- Courtesy Of Kata Sasvari
- Kenneth Kimmins and Diane J. Findlay
Northern Stage has made a point of developing emerging playwrights, supporting their work through readings and workshops, and cultivating a local audience willing to see new work. Writing a play is rarely complete until the playwright sees and hears actors portray the action, and now Marisa Smith gets the benefit of the world premiere of her comedy Venus Rising. Audiences get an amusing, briskly paced rising-from-the-ashes story.
Smith contrasts the attitudes of two generations when a mother and daughter both find themselves at the comedy version of rock bottom. Julie, the daughter, has returned to her childhood home after her husband threw her out; their amicable divorce is under way. Cora, the mother, has been a widow for five years and spends her days stiff with arthritis, her horizon limited to a television screen.
As Julie wheels in her suitcases, her own three children are settled into college and semesters abroad. Her energy is channeled into amateur hypochondria; she makes poultices and frets over brain cancer. Cora has only strength enough to hurl sarcastic barbs from her recliner and to fend off Julie's ridicule of the white wine she buys at CVS.
The plot premise could lead to comic confrontations, and Venus Rising is a pleasant diversion that could become a solid play after further revisions. Northern Stage's commitment to an emerging playwright is laudable, but Venus Rising is not yet strong storytelling.
The core problem is a lack of problems: The characters aren't tested by obstacles. Worse, Smith provides external solutions before the going gets rough, keeping the comedy light by fixes that border on fantasy. Night falls at the end of Scene 1, but the morning of Scene 2 turns out to be several weeks later, and suddenly Cora has a new lease on life after a neighbor, retired chemistry professor Winslow, has shown a romantic interest. He's charming, and now the only conflict is Julie recoiling from any allusions to her mother's sex life. That's good for a few laughs, but not nearly as many as the script attempts.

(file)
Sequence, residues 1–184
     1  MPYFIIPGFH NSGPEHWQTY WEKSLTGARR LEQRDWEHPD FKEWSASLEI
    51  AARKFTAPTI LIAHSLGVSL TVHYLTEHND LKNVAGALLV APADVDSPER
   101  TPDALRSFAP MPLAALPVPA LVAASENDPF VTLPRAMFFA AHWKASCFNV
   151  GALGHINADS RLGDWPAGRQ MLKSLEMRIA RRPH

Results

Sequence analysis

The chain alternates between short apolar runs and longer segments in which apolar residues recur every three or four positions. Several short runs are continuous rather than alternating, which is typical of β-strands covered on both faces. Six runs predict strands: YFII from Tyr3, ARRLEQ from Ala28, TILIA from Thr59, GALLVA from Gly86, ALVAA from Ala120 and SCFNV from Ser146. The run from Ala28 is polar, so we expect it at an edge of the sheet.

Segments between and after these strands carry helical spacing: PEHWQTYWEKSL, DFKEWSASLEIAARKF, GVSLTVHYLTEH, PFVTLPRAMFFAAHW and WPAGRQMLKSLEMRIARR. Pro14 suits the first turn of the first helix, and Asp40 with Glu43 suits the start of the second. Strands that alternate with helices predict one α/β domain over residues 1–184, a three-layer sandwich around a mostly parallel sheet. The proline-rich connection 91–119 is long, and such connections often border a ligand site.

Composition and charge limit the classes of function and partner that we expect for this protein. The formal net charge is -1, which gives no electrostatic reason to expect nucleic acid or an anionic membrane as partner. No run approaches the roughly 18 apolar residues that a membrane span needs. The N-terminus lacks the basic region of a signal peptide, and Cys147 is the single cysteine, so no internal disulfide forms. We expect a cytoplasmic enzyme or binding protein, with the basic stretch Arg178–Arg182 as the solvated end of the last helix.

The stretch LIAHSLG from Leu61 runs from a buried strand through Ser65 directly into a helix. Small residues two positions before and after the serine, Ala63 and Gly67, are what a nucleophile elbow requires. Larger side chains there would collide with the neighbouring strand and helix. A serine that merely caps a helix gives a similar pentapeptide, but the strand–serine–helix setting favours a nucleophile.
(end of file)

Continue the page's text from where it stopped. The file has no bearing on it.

Smith's other magical solution is vanquishing Cora's arthritis pain with Winslow's deceased wife's leftover morphine. In some rather careless writing, the playwright tosses out questionable ideas about pain and addiction that run counter to the current thinking on opioid addiction. But let's take them as breezy comedy and not public policy; for humorous purposes, we can let the playwright get away with saying there's such a thing as an "addictive personality" and that Cora doesn't have one. She'll be just fine even without a doctor's prescription, because she's earned a second chance at life.
If the play's meatiest matter is Julie's need to find herself now that her kids have grown and her marriage has ended, Smith doesn't get around to it until an upbeat, and contrived, ending. It's prompted by Julie's high school friend, Grace, who nudges Julie to "get some better dreams" — and Julie is all-too-suddenly capable of doing so. Rule No. 1 of the happy ending is that characters have to fight for them, not just deserve them.
If the text has some flaws, the play is nevertheless an occasion for some fine performers to enliven the show. Smith has created roles for two older actors in Cora and Winslow, and the Northern Stage production fills them wonderfully with Diane J. Findlay and Kenneth Kimmins.
Findlay is a firecracker, even when confined to a recliner. When she's let loose to enjoy her romance with Winslow, Findlay shows the kind of gusto that turns aging gracefully into love of life. She whirls about the kitchen, baking muffins and keeping Julie in line with sharp remarks, all with a grin that lights up her face. Findlay nearly rescues the play by showing Cora's ability to find that smile again, without taking joy for granted.
Kimmins gives Winslow bountiful enthusiasm — this emeritus chemistry professor looks like a bubbling beaker himself. Kimmins' happy energy overturns the grim image of geriatric sex that Julie cringes to imagine. Winslow's scenes are brief, but Kimmins gives each exchange the spark of a twinkling grin and crisp rapport with Findlay.
As Julie, Laurel Casillo has the comic polish to connect with other actors and bring out the humor in rat-a-tat exchanges. Casillo listens, reacts with wide eyes, then lands her laugh line. Laurie Wells plays Grace with high spirits and energy.
Director Jess Chayes moves the action quickly, establishing a funny mood with big reactions. The comic beats are nicely sculpted, and the overlapping dialogue mirrors a family's good-natured, well-worn exasperation.
The set by scenic designer Reid Thompson is a triumph. A living room and library are framed by a giant reproduction of a section of Sandro Botticelli's "The Birth of Venus." The library's bookcases also include reproductions of classical sculpture, prominent among them the ancient Greek "Venus de Milo." The proscenium set takes advantage of the high angle of seating in the theater to reveal a beautifully detailed kitchen upstage.
Lighting by Jennifer Reiser is especially effective, including loving illumination on the sculpture in the bookcases. Sound designer Ben Montmagny treats the audience to bebop jazz during scene changes, perhaps a reference to Cora's 1950s youth. Costume designer Barbara A. Bell found bright floral prints for Cora's rebirth and a black-and-gray palette for Julie's low point.
Smith's previous premiere at Northern Stage was Mad Love, an inventive romantic comedy that wrapped a group of oddballs inside a story about the dating scene. She's a playwright to watch, and Venus Rising is already able to give talented performers a way to delight an audience. The crowd last Thursday laughed freely, and Northern Stage has showcased the new play in high style.